ARTS & LEISURE CONCERTS

Culture Minister: The new concert hall would be “somewhere close to the Government”

Culture Minister Vlad Alexandrescu (photo) considers that the new concert hall due to be built in Bucharest should be located in the centre of the city, somewhere close to the Government.

“We have funds for this hall. The problem is to find a lot that would be big enough in the centre of Bucharest, perhaps somewhere close to the Government, where we could build this hall. I think we found the lot. We will soon announce where it is. It is important that it would be in the centre, not far from the other locations where music is performed – I am thinking about the

“Enescu” Festival, the Romanian Athenaeum, the Radio Hall”, Alexandrescu declared in an interview for Agerpres.

According to the Minister, the new edifice should be planned “based on the latest standards, as a result of an international competition of architecture” and it would include approximately 2,400 seats, and it would be able to run, simultaneously, as “an art centre, and as an artspace, which would be important because it would grant complementariness to the project in an important artistic dimension”.


“Let it become a reference for the future of Bucharest”

Also, the Culture Minister considers that “it is important to become an architecture project that would be a reference for the future of Bucharest”.

“We do not want a hall that would be big on the outside, a giant, we do not want to make the People’s House for music, we want to make a hall adjusted to the proportions of Bucharest, to the architectural proportions of Bucharest, a hall that would be efficient and respond to a necessity expressed for many years at each edition of the Enescu Festival”, Vlad Alexandrescu pointed out.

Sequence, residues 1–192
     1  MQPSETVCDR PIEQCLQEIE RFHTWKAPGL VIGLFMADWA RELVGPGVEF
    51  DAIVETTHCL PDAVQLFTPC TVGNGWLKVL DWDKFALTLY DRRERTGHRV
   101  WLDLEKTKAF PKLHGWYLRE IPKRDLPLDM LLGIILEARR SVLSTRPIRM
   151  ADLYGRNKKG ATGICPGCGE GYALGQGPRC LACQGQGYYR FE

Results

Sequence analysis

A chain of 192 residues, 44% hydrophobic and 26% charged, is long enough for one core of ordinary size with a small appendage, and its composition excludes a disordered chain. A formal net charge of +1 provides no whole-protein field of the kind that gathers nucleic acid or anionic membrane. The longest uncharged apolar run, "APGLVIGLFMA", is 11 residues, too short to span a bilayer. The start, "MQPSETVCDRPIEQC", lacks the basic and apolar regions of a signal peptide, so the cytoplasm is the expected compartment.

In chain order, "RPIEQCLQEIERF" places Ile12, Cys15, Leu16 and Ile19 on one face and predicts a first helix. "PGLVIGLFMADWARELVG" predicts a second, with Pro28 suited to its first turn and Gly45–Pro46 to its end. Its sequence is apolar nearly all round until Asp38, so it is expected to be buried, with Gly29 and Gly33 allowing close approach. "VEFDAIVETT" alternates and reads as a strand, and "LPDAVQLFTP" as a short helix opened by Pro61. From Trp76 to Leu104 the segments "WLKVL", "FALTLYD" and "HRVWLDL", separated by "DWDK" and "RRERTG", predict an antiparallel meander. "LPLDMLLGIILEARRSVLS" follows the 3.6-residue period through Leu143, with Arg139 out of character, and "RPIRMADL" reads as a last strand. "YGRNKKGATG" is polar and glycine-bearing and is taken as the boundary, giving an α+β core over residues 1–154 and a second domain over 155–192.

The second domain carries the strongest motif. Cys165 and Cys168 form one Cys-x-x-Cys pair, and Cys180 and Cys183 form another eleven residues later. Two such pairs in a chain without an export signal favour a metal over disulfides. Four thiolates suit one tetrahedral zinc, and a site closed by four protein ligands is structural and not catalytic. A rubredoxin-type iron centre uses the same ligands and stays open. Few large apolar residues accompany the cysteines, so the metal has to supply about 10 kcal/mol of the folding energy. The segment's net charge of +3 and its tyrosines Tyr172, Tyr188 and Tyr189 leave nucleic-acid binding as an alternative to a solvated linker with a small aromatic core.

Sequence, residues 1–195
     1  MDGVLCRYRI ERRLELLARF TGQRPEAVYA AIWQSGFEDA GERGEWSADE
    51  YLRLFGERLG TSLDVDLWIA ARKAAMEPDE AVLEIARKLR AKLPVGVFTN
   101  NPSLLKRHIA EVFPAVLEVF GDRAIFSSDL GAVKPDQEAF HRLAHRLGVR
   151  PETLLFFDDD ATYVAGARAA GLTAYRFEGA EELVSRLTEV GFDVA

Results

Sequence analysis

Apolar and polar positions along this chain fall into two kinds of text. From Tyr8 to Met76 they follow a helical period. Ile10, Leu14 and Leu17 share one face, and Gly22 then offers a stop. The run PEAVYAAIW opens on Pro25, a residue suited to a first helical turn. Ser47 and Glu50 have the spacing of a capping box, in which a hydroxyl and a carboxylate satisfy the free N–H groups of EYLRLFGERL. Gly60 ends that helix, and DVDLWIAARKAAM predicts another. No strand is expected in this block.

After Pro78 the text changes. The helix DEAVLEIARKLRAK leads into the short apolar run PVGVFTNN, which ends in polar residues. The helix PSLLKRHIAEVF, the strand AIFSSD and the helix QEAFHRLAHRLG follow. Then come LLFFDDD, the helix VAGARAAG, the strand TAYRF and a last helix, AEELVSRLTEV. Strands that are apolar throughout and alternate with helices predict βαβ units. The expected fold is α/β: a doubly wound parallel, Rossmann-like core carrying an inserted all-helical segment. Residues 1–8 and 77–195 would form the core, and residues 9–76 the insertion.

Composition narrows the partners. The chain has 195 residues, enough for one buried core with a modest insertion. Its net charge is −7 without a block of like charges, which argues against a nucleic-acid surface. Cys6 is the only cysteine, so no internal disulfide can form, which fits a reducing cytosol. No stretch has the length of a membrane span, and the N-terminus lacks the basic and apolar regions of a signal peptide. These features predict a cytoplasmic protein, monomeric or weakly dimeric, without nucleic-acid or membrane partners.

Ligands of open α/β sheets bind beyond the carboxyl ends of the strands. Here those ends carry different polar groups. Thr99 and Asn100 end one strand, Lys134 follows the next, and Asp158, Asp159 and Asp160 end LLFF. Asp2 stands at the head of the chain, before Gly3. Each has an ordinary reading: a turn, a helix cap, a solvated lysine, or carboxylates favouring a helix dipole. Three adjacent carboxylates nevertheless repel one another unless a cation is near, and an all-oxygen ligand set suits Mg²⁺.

Ever since being interviewed by the joint Commissions of Culture of the Parliament, Vlad Alexandrescu pointed out that a priority of his term was represented by building a new performance hall.

The idea of building a new concert hall in Bucharest appeared as early as the year 2005, when the Minister of Culture and Religious Denominations at that time, Adrian Iorgulescu, was talking about a so-called “cultural mall” in the centre of Bucharest, at the Palace Hall, with multivalent halls, and a highly valuable hall with special acoustics for concerts, with cinema halls, book shops, cafes, socializing locations, exhibition halls and boutiques selling cultural products.

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